In a convex combination all the coefficients are greater or equal to zero with the sum of all the coefficients equal to one. The calculation of weights is carried out during both the online and offline phases in the current study. A smaller value smooths the function and make its appearance continuous, while a higher value results in kinks in the function. Once, the weights are calculated with respect to all the points in the set S , the weights are normalized as:.

Once a linear model has been obtained from the training trajectories during the offline phase, the values of the nonlinear function and the Jacobian matrix evaluated at the selected linearization points are reduced and stored to be used during the online phase along with the set of linearization points. The nonlinear function and the Jacobian is projected in the reduced space as:. Since, we replace the nonlinear function with an approximation containing sum of linearized functions, we have. With the above information, we now have a system in reduced basis which fully exploits the benefits of reduced order modeling.

order reduction theory research Manual

As it can be observed from Eq. The mathematical model describing the ring grid is the swing dynamics given by the Eq. The grid in this study is a ring grid containing all the generator nodes and a slack node in a topology such that the slack node is connected with all the generators. Here, the slack bus is modeled as an infinite bus which is a simplifying assumption that the voltage at this bus is always constant and it has infinite power capacity as the impedance is zero for this bus. A list of assumptions for the grid in the current study are:.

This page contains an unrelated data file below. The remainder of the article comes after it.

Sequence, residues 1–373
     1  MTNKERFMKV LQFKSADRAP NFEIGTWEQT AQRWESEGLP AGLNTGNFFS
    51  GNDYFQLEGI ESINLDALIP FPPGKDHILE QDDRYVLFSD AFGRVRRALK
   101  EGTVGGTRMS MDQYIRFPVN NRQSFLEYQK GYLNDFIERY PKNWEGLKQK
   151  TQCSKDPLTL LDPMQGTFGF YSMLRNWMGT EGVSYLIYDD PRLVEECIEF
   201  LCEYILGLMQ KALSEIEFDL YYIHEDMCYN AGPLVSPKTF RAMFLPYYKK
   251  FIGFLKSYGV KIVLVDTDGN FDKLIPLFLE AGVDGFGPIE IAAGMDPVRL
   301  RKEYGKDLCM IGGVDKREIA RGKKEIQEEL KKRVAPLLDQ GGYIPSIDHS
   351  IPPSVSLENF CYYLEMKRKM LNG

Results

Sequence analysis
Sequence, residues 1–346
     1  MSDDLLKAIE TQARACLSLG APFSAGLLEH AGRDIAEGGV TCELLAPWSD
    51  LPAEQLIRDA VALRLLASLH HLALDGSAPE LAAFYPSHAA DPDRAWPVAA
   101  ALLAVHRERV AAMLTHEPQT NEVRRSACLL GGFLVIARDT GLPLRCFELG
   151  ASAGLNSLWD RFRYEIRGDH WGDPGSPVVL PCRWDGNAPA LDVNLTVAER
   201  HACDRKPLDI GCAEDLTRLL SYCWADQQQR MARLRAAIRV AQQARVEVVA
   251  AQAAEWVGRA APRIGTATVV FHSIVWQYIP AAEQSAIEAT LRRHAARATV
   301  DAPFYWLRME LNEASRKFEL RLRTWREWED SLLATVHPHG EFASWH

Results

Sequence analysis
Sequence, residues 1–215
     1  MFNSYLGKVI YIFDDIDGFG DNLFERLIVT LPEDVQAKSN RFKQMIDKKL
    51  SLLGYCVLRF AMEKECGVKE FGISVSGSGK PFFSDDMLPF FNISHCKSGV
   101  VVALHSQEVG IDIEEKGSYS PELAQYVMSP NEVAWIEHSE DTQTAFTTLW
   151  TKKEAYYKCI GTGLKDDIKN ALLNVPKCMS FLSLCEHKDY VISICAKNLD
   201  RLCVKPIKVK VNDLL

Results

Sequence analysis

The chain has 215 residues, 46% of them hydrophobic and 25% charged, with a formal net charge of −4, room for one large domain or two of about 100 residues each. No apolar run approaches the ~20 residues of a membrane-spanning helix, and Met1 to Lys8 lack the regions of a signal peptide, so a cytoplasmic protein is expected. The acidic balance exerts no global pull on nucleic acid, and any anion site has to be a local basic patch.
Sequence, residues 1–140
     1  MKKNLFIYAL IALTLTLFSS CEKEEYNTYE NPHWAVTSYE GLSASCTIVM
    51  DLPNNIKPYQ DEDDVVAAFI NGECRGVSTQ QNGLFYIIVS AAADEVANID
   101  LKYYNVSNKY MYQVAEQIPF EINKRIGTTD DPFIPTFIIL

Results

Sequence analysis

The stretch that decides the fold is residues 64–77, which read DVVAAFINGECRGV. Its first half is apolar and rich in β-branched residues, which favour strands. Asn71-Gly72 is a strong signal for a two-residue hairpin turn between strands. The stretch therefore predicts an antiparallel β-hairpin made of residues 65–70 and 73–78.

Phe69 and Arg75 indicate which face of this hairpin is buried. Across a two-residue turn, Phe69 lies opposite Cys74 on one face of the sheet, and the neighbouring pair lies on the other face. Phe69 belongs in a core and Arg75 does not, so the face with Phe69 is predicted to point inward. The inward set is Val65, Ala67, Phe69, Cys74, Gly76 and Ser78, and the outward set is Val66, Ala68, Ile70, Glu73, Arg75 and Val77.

A ring grid power network. Blue circles representing generators connected to an infinite bus. The generators are small and the ratio between the length of transmission line joining generators to the infinite bus and the length of transmission line joining two consecutive generators is much bigger. Hence, the interaction between a generator and infinite bus is much smaller than the interaction between two neighboring generators.

Search form

Transmission lines joining two consecutive generators is shorter than the line joining the generators with the infinite bus. The Eq. The grid studied consists of generators and one slack node connected to all the generators. The data used in the study is given in Table 1 , all the values are given in per-unit system.

The values used in the current study are adapted from the study of Susuki et al. Also, the number of generators in the study of Susuki et al. Although different from the study by Susuki et al. In the current study, there are three different scenarios of initial conditions that must be taken into account for the training trajectories, these are listed in Table 3.

The dependence of the trajectories on the initial conditions is evident since the trajectory will be different in each case. These training trajectories were categorized into three different types.